Algeria’s foreign exchange reserves plunge amid drop in oil revenues

Algeria’s foreign exchange reserves plunge amid drop in oil revenues

Algeria’s public debt rose to 45% of GDP while its foreign exchange reserves continue to shrink on the back of falling oil prices in international market boding ill for the social peace of a country where dissent is growing.

Newly appointed Prime Minister Abdelaziz Djerad sounded the alarm bell recently while speaking to MPs about the country’s worsening debt saying “the financial situation is still fragile due to oil price volatility.”

The reserves that were amassed by the country during the era of expensive oil were not invested in productive areas that would help ease dependence on hydrocarbons.

The country’s reserves now stand at 62 billion dollars, down from 97 billion in 2017. The stockpile is expected to further drop in view of the expanding trade deficit, which hit 10 billion dollars in 2019.

The government is so far resorting to time buying measures such as spending cuts and import restriction leaving the economy hinging on oil price and sales.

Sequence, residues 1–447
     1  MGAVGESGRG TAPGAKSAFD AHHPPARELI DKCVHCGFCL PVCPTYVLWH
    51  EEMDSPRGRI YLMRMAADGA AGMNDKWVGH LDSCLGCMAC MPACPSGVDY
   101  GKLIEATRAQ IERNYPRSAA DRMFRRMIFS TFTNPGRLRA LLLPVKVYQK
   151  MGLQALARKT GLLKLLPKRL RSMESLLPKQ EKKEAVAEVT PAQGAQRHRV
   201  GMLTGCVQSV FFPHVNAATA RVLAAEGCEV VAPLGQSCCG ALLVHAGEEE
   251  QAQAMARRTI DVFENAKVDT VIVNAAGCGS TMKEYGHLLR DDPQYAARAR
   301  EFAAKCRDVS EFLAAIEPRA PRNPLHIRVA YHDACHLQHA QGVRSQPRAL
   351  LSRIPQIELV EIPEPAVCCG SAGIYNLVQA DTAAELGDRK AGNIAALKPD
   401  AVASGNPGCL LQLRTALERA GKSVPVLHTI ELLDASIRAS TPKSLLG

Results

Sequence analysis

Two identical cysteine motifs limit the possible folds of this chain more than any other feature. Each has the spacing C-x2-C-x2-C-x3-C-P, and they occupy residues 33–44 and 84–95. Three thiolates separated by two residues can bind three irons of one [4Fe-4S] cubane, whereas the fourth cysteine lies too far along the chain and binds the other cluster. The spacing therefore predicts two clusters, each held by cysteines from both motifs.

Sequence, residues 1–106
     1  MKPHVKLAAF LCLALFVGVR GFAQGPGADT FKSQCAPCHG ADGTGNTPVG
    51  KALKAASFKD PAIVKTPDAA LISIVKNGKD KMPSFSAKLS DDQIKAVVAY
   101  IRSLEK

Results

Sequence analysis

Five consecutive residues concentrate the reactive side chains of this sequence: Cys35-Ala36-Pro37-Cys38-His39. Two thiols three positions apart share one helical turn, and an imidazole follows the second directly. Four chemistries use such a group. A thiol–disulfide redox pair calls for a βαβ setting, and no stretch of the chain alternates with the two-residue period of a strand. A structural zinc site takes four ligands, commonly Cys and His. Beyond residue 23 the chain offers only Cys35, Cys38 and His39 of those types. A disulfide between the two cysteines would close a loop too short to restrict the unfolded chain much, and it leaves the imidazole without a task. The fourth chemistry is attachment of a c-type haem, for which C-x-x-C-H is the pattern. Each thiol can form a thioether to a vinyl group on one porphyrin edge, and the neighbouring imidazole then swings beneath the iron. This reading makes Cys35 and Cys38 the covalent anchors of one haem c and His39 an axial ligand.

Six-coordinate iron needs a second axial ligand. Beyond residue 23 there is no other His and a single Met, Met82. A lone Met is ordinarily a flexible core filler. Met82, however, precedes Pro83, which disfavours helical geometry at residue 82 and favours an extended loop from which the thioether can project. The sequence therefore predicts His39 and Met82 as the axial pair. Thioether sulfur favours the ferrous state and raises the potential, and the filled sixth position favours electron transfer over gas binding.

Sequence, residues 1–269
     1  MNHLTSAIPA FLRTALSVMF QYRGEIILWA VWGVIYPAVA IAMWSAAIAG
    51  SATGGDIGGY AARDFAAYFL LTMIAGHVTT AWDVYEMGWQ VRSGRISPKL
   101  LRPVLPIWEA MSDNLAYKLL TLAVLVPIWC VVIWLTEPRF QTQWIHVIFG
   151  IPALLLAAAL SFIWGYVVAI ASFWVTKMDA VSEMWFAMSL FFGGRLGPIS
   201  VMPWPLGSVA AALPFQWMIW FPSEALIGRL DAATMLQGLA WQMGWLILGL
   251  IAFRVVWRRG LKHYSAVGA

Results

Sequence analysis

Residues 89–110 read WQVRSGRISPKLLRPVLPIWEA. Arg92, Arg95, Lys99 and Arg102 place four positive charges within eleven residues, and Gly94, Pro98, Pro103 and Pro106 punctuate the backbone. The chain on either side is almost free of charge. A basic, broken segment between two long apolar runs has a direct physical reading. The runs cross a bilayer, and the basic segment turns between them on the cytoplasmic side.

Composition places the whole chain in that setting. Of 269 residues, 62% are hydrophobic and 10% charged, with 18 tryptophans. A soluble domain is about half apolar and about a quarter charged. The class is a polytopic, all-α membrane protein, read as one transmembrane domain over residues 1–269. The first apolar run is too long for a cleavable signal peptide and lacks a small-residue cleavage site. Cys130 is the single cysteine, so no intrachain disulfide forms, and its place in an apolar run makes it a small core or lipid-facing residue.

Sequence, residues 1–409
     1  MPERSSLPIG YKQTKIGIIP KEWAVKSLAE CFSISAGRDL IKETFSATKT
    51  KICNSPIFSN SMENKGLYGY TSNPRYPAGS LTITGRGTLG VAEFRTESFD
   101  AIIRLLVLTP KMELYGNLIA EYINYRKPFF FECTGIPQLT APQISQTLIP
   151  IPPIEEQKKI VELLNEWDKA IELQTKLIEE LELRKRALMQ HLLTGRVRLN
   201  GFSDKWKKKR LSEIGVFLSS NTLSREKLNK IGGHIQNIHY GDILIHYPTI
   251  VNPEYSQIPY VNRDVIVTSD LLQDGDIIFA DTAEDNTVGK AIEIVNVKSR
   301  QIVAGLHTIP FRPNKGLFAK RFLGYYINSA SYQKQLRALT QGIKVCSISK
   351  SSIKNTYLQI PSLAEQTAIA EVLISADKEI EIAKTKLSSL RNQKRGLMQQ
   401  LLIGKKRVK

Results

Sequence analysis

The government would need crude prices nearer $100 a barrel to balance its budget, a target denoting a bygone era according to analysts as US continues to pump and export crude while renewable energy use is on the rise globally.

Meanwhile, Algeria plans other measures including tapping the international bond market, issuing Sukuk, or Islamic bonds, and develop its small stock exchange as the oil-reliant economy seeks to diversify funding sources, according to a government document reviewed by Reuters.

If Algeria managed to eschew the turmoil of 2011 the Arab Spring thanks to handing out oil money through salary hikes and subsidies, today it seems unable to buy off protesters who perceive the current ruling elite as a recycled from a corrupt but also inefficient regime.

The mass protests which are still ongoing since 22 February 2019, though at a lower scale, have exacerbated Algeria’s unfriendliness to investments adding to an underdeveloped banking system, unfriendly laws and an energy sector plagued by ageing fields, misguided economic policies, project delays, and infrastructure gaps.

The political crisis puts the country on the same course as Angola, Iran, Libya, Nigeria and Venezuela, referred to by OPEC as the “shaky six’ that suffer involuntary production cuts.

Algeria’s natural gas pipeline exports to Europe are getting squeezed by cheaper Russian supplies and a global abundance of the liquefied form of the fuel.

Algeria risks becoming a net gas importing country as its domestic production continues to be devoured by a rising consumption that could turn the country into a net gas importer in ten years, head of oil and gas at the ministry of energy Mustapha Hanafi had said.

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